Wengart Aircraft

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This case analysis focuses on Organizational Development (OD) techniques that Wengart Aircraft Company can utilize to implement a Total Quality management (TQM) program to integrate all aspects of the corporation to enhance production operations, improve overall quality of workmanship and products, increase output, maximize profits and simultaneously improve management and employee relations. Wengart Aircraft attempted to implement a TQM program based upon earlier recommendations by an OD practitioner; however, Wengart top management officials failed to fully comprehend the collective involvement and commitment required by management and its workforce to implement the program and successfully achieve positive and lasting change. The initial attempt to implement the TQM consisted of the top management CEO conducting a meeting with his Vice Presidents and informing them that Wengart would be implementing a TQM program, producing a memo requiring middle and lower management to participate and enforce a program they didn’t understand and couldn’t convince the workforce to support. The results of this case analysis will recommend a Course of Action (COA) to Wengart’s top management to affect positive change. Wengart’s strategy must stress a complete overhaul of its corporate culture and stimulate new ideas and techniques from management and employee working groups that work jointly to forge a new way ahead with a single goal “to be the best”.


President Ralph Larsen of Wengart Aircraft is concerned about increasing profits and his obligation to maximize shareholder’s return on their investments. Wengart produces commercial and military aircraft. It is number two in its industry, which consist of nine companies. Its profits, however, are ranked seventh. It’s disturbing to Larsen and his top management team that they are not able to maximize profits. Wengart’s top management conducted an internal diagnostic survey and determined quality as major problem. Aircraft have to be reworked after they are sent to the customer. Wengart’s largest customer, the Federal Government, shares the concern about quality. Wengart has received several letters from the Secretary of Defense warning that unless quality improves by 20% within six months; the government will withhold partial payment as a penalty in accordance with its contract. Nongovernment customers have also expressed concerns about quality at Wengart. Several major articles have appeared in the Wall Street Journal and Business Week about Wengart’s quality problems deteriorating financial condition. The Department of Defense (DOD) informed Wengart that it would like to see a TQM program similar to other manufacturing industries. DOD is encouraging all defense contractors to adopt TQM programs. Wengart’s CEO Ralph Larsen contracted an OD practitioner to explain TQM during a two hour consultation. The OD practitioner pointed out a TQM program is a complete overhaul of the corporate culture that must be stressed and asserted by all levels of management and the workforce. The OD Practitioner steed the TQM principles would include: •Customer, engineering, production and product support functions are integrated into a team. •The customer is the next person in line. Therefore for someone within the company the customer can be the next person on the production line, and for the company the customer is the purchaser of Wengart’s planes. Everyone in the company is both a customer and a producer. •Quality is giving customers what they have a right to expect. •Substantial increased in education and training are required. •Teamwork is a basic building block of TQM.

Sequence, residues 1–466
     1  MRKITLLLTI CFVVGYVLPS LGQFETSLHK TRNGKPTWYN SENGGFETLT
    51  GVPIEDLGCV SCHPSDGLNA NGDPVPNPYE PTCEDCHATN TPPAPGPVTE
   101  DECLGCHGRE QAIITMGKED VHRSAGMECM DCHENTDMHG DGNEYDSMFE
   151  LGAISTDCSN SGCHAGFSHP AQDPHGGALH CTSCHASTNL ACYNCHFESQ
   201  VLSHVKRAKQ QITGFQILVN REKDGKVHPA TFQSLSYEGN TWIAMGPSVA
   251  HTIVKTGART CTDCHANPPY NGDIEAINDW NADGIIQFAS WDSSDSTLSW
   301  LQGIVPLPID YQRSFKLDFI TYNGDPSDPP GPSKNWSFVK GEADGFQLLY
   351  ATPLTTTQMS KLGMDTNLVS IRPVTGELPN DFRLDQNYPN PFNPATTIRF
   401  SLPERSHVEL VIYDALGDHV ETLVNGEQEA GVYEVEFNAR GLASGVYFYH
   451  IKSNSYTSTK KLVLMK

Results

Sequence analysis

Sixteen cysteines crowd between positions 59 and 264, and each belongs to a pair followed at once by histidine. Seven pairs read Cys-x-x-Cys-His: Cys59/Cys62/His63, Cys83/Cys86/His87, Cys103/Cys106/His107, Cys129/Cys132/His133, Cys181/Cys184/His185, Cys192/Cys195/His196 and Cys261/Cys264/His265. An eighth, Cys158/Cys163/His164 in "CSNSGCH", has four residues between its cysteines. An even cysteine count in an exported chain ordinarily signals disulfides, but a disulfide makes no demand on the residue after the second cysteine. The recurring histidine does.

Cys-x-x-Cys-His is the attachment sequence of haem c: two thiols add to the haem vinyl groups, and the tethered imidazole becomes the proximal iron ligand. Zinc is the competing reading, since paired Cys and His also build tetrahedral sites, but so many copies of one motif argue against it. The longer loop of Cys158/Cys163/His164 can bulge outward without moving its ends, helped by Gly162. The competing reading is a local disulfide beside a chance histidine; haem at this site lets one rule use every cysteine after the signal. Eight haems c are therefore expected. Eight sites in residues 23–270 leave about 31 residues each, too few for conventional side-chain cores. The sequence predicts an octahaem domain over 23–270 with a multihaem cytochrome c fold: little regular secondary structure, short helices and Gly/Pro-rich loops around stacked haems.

The CEO and his top management team must be committed to TQM and communicate its importance but word and deed at every opportunity. •TQM will have to become part of Wengart’s culture. The CEO must believe in work principles that include improved leadership,...
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